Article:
By Alexandra Sifferlin
October 6, 2015

It’s flu season, which means public health experts are beginning to remind people that it’s time for their annual vaccine. (If you’re thinking about skipping it this year, consider the fact that some experts are predicting it’s going to be an especially nasty season.)

The flu shot is recommended for nearly all people by an advisory committee of experts and by the Centers for Disease Control and Prevention (CDC), as it protects against the three or four flu viruses that scientists anticipate will be circulating during the season, which starts in October.

Is there anyone that experts say should not get a flu shot? Yes, but there aren’t many of them.

Babies under 6 months should not get the shot, according to the CDC. Other people who may need to pass are those with life-threatening allergies to the actual vaccine or ingredients that are in it, for instance, gelatin or antibiotics.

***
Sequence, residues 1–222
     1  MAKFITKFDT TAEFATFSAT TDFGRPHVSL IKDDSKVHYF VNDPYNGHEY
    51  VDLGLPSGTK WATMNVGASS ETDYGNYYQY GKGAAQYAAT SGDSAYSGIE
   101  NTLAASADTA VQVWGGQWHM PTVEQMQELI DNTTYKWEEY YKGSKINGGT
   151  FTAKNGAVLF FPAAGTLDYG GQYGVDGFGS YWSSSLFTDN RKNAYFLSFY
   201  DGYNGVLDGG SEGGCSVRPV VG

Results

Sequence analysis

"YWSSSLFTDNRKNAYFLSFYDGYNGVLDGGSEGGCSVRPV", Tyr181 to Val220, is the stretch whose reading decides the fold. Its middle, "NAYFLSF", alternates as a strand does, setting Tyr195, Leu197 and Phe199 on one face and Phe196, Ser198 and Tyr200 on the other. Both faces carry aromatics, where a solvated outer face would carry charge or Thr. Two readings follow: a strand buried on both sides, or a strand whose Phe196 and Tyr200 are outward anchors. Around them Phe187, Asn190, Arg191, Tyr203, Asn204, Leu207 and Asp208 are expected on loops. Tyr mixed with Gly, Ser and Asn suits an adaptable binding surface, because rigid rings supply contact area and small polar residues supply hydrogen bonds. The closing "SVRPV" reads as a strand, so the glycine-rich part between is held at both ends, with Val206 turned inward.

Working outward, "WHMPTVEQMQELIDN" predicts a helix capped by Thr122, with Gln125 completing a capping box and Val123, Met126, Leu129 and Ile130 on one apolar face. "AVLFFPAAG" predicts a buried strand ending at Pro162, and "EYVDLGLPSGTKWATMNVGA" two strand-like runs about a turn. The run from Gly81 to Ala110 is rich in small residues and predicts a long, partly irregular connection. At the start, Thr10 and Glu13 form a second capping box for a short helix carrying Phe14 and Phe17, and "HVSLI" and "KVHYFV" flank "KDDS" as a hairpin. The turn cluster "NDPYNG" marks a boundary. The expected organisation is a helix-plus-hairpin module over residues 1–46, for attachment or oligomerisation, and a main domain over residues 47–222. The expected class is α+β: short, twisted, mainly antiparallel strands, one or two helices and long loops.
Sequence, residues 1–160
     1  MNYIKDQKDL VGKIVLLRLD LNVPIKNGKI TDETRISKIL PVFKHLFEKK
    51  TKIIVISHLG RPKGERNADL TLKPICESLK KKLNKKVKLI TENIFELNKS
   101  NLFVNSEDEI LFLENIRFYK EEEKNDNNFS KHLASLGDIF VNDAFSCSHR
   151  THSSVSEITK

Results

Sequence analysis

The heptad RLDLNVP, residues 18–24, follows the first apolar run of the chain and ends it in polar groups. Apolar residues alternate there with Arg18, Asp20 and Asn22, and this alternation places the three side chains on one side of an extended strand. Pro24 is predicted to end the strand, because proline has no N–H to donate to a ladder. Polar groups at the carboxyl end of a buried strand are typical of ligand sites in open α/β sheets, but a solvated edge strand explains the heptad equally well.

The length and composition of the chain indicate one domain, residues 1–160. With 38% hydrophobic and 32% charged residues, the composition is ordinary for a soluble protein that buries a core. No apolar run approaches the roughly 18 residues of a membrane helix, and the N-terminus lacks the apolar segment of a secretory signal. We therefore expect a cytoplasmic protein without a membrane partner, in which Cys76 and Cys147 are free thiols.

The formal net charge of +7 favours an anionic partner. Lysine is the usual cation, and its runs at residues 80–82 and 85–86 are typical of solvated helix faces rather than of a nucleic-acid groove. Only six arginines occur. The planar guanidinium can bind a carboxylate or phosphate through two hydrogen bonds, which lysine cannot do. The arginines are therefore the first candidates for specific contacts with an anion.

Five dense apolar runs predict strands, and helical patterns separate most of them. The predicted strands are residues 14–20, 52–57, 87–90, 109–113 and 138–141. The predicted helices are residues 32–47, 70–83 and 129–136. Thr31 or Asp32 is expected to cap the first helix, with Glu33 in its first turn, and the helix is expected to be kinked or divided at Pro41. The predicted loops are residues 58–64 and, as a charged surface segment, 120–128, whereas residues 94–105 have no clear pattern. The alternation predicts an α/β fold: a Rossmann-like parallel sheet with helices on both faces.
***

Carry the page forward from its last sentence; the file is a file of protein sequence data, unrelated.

There are also some people who should consult their doctor before getting the shot. This includes people who have an egg allergy or are allergic to other ingredients in the vaccine. There are special considerations made for people who have had significant or moderate reactions to eggs, since the majority of the vaccines contain a small amount of egg. Flu vaccines have been made using an egg-based process for over 70 years.

If you have ever had the paralyzing illness Guillain-Barré Syndrome and if you are not feeling well at the time of your injection, you should also consult your doctor, say experts.

Contact us at editors@time.com.

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